The prevalence of decorative body painting in her images — stark whites, vibrant reds, azure blues, monochromes sometimes delicately dotted with black — are rooted in Ethiopian tradition and custom. Against a backdrop of globalization, this waning tradition is revived and celebrated as a form of a contemporary self-expression. Her models, which include local fashion designers and make-up artists, provide a canvas for what she wants to express, but remain open-minded participants in the process. “I am often drawn to not just the beauty but also the imperfections of this life,” she said.

    Her choice of materials also has an important role in her work. Some of her photos are printed on archival rag paper. Within the frame, she features folds of beautiful fabric or woven baskets — like in her image “City Life” — integrating local craftsmanship into her visual palette. “In a sense, I have added certain codes,” she said, in order to “provoke the familiarity within a contemporary context for an Ethiopian audience, while for the foreign audience, it evokes curiosity.”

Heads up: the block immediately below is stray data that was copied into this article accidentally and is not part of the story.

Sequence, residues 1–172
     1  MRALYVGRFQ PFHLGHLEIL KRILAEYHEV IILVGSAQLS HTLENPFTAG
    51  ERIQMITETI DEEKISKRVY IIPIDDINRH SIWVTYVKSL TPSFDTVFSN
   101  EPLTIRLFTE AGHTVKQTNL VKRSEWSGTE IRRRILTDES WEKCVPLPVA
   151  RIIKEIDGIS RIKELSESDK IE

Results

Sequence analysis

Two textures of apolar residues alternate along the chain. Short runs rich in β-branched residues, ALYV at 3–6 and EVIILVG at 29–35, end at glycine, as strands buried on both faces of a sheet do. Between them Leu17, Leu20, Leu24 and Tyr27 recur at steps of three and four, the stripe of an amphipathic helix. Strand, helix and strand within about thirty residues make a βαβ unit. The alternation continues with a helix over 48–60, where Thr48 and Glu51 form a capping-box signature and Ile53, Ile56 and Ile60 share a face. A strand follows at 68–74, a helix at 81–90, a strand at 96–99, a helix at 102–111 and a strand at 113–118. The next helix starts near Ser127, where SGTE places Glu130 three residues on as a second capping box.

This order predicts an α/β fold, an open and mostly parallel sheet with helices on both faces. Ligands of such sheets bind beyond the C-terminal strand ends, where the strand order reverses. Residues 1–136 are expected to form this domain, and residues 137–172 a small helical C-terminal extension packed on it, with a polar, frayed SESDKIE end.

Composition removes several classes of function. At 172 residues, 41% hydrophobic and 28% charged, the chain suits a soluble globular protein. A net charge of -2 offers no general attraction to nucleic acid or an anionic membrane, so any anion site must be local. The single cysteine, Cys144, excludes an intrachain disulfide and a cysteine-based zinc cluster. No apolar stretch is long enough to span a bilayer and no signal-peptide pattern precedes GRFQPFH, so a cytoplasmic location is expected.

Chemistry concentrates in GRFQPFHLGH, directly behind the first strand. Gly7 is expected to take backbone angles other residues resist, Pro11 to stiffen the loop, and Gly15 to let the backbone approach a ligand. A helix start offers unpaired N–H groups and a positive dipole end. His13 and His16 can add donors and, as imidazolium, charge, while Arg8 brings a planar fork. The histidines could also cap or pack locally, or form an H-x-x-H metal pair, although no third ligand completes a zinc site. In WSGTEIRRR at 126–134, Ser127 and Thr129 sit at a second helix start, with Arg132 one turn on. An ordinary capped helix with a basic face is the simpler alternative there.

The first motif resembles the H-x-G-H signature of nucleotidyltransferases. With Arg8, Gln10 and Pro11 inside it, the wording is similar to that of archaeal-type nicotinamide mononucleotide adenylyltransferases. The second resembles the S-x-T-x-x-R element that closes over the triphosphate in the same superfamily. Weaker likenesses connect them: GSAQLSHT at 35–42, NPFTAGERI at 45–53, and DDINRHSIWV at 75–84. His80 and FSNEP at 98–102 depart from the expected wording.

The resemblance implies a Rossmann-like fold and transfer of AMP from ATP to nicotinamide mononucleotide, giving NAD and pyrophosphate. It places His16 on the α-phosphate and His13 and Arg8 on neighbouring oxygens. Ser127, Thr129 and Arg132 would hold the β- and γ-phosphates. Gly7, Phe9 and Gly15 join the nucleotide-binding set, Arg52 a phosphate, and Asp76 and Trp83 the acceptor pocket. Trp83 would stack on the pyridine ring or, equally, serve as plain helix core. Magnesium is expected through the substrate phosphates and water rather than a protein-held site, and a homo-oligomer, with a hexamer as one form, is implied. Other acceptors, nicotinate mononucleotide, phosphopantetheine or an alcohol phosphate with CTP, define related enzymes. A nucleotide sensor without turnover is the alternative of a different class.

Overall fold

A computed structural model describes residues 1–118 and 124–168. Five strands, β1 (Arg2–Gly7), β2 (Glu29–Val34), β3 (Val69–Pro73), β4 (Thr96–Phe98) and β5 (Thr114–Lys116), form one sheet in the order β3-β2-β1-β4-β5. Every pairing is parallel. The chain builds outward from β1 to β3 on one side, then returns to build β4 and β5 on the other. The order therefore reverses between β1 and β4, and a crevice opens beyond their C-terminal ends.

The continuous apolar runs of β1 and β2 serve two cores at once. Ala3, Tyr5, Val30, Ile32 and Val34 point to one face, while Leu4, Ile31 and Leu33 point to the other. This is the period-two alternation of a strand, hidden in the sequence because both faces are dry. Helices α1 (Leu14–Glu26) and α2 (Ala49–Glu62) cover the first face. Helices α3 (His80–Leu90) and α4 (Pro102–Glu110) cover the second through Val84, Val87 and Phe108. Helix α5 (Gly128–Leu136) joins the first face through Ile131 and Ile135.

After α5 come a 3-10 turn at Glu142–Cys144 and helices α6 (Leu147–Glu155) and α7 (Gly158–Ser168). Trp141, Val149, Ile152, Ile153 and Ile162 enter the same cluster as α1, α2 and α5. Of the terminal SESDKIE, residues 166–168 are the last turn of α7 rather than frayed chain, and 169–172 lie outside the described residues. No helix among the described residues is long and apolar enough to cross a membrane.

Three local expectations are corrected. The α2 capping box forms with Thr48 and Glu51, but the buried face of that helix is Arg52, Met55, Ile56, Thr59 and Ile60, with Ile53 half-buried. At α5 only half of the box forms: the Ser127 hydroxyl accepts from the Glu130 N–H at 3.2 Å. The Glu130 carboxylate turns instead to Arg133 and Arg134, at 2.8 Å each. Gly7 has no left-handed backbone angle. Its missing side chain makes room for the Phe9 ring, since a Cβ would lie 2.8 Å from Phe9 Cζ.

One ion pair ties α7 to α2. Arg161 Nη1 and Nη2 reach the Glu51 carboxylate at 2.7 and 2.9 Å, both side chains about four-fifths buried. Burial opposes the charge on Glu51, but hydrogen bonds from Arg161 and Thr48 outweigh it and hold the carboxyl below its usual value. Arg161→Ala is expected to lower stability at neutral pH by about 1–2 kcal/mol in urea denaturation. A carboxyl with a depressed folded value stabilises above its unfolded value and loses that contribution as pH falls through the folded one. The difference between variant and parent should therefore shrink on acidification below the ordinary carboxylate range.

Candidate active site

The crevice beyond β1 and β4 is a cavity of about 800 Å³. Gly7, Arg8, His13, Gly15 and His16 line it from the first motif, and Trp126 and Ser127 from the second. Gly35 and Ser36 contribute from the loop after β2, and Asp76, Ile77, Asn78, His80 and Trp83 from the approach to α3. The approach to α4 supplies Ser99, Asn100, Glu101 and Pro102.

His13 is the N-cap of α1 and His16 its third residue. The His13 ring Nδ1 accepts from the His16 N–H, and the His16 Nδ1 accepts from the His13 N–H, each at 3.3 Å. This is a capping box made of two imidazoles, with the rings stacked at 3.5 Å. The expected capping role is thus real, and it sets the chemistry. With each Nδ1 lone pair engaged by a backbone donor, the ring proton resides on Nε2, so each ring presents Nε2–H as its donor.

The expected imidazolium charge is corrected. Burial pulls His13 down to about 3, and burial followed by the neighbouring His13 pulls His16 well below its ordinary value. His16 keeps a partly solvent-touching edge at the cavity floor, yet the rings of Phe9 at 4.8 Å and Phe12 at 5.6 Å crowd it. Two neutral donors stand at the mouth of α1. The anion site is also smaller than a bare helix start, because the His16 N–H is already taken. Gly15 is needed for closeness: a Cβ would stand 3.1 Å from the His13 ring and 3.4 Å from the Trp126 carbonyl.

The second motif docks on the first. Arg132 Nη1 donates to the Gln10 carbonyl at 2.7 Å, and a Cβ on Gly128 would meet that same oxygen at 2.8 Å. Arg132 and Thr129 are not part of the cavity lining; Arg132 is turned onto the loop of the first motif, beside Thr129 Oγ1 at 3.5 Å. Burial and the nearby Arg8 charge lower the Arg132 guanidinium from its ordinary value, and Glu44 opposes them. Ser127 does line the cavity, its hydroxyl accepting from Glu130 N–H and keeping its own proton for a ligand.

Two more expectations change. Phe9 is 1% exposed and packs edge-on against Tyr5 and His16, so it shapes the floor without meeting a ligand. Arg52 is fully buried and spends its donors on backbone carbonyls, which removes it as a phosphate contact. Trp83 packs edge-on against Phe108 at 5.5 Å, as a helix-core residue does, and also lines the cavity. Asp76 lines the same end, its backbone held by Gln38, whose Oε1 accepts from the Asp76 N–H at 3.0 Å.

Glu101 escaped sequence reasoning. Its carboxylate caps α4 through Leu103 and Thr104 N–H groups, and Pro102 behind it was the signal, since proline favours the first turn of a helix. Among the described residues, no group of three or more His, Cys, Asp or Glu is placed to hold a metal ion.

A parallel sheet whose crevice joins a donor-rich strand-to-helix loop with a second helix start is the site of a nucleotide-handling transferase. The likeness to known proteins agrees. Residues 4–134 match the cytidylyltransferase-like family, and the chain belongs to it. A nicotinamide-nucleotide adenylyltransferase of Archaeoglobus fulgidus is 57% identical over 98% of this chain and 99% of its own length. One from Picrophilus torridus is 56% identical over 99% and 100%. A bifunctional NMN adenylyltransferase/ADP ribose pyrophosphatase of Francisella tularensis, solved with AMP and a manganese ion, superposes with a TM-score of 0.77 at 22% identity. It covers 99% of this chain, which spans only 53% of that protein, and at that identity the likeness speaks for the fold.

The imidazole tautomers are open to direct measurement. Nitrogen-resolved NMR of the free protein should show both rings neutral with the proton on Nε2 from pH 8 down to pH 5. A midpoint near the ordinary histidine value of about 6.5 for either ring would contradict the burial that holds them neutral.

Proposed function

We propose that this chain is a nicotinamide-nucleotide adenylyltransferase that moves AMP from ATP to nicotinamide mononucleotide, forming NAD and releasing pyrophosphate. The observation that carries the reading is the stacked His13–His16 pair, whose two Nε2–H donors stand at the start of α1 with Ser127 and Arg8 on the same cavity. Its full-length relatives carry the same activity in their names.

Thanks to Contributor and Read Detail at Reporter.

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  • Ethiopian Singer Bitsat Seyoum

    Welcome Back Home To Ethiopian Artist Bitsat Seyoum

    She's famous for both her traditional and popular music, as well as her 'wax and gold' – a traditional Ethiopian form of poetry characterized by double meanings.

    For 20 years, she ran a successful nightclub in the Ethiopian capital, Addis Ababa, named Bitsat (her name translates as 'gift of god' in the Amharic language) where she regularly performed.